If Anglophone literatures and cultures worldwide once sprang from a contested terrain of solidarities emerging in the shadow of colonialism, many of them have been struggling with the legacies of these solidarities, with ideals of liberation that turned into new forms of oppression, and with the clamorous or muted appeal of old and new victimhoods for more than half a century now. Ethnic, racial or national victimhood and solidarity have been invoked in a cynical politics of exclusion all over the globe – from an aggressive assertion of Hindu hegemony in India to the militant Buddhism in the guise of nationalism in Sri Lanka and Myanmar, the abuse of anticolonialism as an ideology of oppression in Zimbabwe. In a quite different setting, victimhood has also become a mainspring of the anxiety-infested xenophobia spawned by right-wing populism in contemporary Europe. At the same time, the oppression of minorities and the plight of political, economic and environmental refugees has generated new forms of sociality as well as solidarity.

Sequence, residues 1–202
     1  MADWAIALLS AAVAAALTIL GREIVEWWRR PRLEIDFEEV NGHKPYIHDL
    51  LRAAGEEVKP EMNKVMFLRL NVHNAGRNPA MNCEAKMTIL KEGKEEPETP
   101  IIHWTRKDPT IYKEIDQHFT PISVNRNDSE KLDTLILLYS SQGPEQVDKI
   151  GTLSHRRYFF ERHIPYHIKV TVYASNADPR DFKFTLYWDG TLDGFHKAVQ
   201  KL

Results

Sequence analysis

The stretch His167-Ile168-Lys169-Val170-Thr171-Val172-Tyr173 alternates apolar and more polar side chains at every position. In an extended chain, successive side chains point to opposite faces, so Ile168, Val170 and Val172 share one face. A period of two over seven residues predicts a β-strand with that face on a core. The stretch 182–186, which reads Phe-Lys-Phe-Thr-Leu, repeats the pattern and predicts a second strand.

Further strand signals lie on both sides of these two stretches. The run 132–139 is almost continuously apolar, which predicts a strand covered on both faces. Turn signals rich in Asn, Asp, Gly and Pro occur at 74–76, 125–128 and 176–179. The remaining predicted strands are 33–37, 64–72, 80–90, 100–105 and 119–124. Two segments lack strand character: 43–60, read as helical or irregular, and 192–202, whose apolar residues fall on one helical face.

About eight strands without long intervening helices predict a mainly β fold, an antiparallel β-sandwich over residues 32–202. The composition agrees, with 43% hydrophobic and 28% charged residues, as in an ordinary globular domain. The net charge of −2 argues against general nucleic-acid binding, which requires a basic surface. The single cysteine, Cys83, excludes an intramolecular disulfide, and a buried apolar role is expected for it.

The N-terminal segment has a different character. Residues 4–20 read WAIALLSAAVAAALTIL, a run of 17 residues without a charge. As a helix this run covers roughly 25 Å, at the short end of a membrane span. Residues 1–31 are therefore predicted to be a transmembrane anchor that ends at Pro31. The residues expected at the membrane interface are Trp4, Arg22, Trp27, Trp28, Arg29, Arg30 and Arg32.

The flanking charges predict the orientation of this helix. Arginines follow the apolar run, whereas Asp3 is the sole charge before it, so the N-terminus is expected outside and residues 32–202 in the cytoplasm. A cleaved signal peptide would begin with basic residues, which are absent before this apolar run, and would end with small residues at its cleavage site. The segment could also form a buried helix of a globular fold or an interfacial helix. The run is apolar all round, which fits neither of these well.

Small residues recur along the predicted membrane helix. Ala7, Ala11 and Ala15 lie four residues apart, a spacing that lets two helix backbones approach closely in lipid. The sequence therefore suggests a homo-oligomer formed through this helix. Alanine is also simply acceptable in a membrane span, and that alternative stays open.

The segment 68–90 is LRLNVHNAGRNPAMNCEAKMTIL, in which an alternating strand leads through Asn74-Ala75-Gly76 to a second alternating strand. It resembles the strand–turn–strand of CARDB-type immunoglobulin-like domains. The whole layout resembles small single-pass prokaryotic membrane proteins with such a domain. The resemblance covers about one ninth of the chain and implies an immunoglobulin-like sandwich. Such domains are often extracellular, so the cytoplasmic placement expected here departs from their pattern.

The 2022 Annual Conference of the Association for Postcolonial Anglophone Studies (GAPS) will engage in a wide-ranging reassessment of implicated subjects, of the uses and abuses of victimhood, of different forms of agency, and of the manifold implications of English as a medium of literary and cultural expression in anglophone literatures, cultures and media. Participants are invited to scrutinize fictional encounters with ‘internal’ forms of oppression, with the ‘enemy within’ (Nandy) and ‘the danger of a single story’ (Adichie), or the excessive display of wealth and power by local bourgeoisies (Mbembe). They are also encouraged to engage in a self-reflexive discussion on the role of ‘unconditional’ and ‘conditional’ solidarities in Anglophone literary cultures and on the role of victimhood in recent debates on globalization, world literature and the Anthropocene. Furthermore, participants may wish to tackle the new solidarities expressed through concepts such as cosmopolitanism (Appiah), Afropolitanism (Selasi), conviviality (Gilroy) or environmental justice and to explore the role of anglophone literatures and cultures as ‘resources of hope’ (Raymond Williams). Participants are further welcome to focus on transitions from a politics of victimhood to a poetics of agency in anglophone literatures and cultures and to scrutinize the role of English in plurilingual contact zones across the world.
Deadline for panel suggestions along with names of proposed speakers (minimum 3): November 1, 2021
Deadline for individual abstracts: December 31, 2021
Read the full CfP here.